As more restaurants test out self-serve taps for beverages from beer to cocktails, some operators are giving customers the opportunity to help themselves to something else: nonalcoholic drinks. Not only can the DIY setup help out servers who are slammed, it often encourages guests to dig into their wallets for additional pours.
“We see the self-serve mode as helping with efficiency and speed of service on higher-volume beverages without losing the ‘craft’ component for the better beverages,” says Brian Darr, managing director of Chicago research company Datassential.
Offering self-serve coffee from urns at a customer-facing beverage station isn’t new. In fact, it’s what most units of Delray Beach, Fla.-based The Original Brooklyn Water Bagel Co. still use for selections of light-, medium- and dark-roasted blends and decaffeinated coffee options.
But a franchised location in Coral Springs, Fla., opened this spring with a 35-foot tap-based coffee system. The Coffee Wall features six self-service hot-coffee taps plus creamers, iced coffee on tap and flavorings. It can accommodate up to 10 guests at once, speeding throughput and tempting curious newcomers.
With the launch of its new prototype in Pearland, Texas, in mid-July, Houston-based Salata introduced a tap system for its cold drinks, featuring five iced teas and three lemonades on tap. Salata always has offered a variety of iced teas and lemonades on its menu, but guests at this customizable-salad fast casual tend to lean toward water as the beverage of choice, says David Laborde, director of product development at Salata.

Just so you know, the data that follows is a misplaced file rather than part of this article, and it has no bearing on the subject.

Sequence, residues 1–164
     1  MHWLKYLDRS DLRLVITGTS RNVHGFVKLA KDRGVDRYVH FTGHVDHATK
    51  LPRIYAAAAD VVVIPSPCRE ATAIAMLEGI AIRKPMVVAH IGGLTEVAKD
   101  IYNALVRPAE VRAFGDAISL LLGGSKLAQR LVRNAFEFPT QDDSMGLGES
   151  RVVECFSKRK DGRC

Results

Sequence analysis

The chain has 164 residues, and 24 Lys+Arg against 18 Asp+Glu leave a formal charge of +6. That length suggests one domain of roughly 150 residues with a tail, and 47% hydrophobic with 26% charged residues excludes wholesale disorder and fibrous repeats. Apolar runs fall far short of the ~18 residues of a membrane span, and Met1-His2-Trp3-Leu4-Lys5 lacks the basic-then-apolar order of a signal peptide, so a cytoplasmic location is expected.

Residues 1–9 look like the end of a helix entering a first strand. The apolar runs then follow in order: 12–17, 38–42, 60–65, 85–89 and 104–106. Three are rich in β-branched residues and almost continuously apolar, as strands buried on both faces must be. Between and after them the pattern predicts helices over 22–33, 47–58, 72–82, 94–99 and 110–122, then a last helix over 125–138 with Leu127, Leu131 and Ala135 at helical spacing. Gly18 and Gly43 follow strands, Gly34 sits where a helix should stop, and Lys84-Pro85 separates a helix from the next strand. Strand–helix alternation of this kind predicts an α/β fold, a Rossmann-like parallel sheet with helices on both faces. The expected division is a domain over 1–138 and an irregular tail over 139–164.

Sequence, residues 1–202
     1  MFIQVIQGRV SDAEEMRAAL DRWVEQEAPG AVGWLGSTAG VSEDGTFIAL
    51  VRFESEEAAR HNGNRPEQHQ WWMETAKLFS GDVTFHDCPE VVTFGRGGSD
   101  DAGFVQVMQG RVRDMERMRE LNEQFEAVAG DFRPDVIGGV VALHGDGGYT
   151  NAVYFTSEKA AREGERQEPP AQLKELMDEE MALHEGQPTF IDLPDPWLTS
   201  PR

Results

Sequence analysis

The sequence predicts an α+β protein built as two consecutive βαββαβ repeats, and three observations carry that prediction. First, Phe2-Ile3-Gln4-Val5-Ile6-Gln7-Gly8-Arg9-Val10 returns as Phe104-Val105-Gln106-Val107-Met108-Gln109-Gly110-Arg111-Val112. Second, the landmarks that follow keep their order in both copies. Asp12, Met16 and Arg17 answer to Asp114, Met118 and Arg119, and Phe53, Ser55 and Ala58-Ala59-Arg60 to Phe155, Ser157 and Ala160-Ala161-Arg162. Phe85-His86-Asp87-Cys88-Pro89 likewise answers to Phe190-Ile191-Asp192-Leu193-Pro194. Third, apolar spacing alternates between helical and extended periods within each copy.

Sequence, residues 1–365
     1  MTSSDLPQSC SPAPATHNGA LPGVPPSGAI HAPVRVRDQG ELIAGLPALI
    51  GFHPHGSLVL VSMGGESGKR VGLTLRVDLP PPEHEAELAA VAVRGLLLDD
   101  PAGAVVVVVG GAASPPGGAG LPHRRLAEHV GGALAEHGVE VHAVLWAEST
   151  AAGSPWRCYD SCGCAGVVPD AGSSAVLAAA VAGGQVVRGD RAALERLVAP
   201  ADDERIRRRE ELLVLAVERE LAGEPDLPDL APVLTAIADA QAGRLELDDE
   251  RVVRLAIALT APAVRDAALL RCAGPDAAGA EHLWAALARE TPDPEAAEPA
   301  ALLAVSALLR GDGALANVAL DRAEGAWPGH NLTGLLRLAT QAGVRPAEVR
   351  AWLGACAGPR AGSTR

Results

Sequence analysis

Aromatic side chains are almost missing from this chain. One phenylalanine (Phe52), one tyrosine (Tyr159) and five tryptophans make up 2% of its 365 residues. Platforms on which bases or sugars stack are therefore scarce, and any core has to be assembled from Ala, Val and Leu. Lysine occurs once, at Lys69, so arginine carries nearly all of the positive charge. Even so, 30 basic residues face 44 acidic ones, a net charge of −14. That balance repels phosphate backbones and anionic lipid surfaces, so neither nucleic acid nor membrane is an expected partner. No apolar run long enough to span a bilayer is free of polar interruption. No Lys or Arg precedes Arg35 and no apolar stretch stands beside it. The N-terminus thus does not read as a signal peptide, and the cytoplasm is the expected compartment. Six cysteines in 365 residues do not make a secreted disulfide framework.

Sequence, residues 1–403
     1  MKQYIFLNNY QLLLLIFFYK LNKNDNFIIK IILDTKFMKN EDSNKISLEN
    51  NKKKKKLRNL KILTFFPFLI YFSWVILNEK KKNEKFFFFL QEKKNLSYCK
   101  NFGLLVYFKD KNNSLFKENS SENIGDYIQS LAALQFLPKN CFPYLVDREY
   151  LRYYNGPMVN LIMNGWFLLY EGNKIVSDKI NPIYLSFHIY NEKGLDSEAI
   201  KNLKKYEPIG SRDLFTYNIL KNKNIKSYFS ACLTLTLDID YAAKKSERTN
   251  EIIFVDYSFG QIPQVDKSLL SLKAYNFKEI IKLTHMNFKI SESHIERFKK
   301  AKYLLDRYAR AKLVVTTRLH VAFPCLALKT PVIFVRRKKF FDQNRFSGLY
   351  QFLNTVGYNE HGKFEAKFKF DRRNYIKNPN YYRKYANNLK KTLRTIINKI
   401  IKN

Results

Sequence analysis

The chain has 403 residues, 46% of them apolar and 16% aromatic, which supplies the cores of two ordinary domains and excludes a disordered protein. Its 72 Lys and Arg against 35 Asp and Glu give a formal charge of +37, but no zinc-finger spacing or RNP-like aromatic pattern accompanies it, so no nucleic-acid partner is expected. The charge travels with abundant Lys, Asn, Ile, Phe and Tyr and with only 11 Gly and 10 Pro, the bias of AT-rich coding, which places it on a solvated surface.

“Our original intention was to change up the beverage station to make it more enticing and increase sales,” says Laborde. The chain made the new beverage station a focal point of the design, he says, so guests would ask about it, giving the staff an opportunity to talk about it and upsell.
The upgrade was largely aesthetic. “Operationally, it just looks different,” says Laborde. “Basically it’s like tea urns behind a wall, but customized to create a flow system. Fortunately, there was no need for carbonation, but we did need to create gravity flow and make the taps easy to access for cleaning.” Behind the scenes, hoses connect buckets of the beverages to beer taps on the front of the wall. To keep the setup attractive yet accessible, Salata built a large wooden cabinet with hidden doors for easy access.
According to Laborde, the system cost $5,500—$1,500 for the custom cabinet and $4,000 for added woodwork and tap parts (buckets, hoses and such). Future tap systems at Salata will be rear loading so they can be maintained from inside the kitchen, he says.
Beverage prices haven’t changed; the expectation is that the investment will be offset by increased sales of teas and lemonades. The first week saw sales of more than 1,000 iced teas and lemonades, compared to a typical weekly tally of 700 to 800, with a profit of more than $1 per drink, he says.
Laborde is hopeful that the self-serve tap trend will continue strong. During lunchtime on opening day, he introduced himself to two customers and asked if they had noticed anything interesting in the new space. One, a regular at another Houston location, remarked “that tea thing is cool. I normally don’t buy a drink, but I wanted to try it out.” Says Laborde, “That response is exactly what we had in mind when designing the new look.”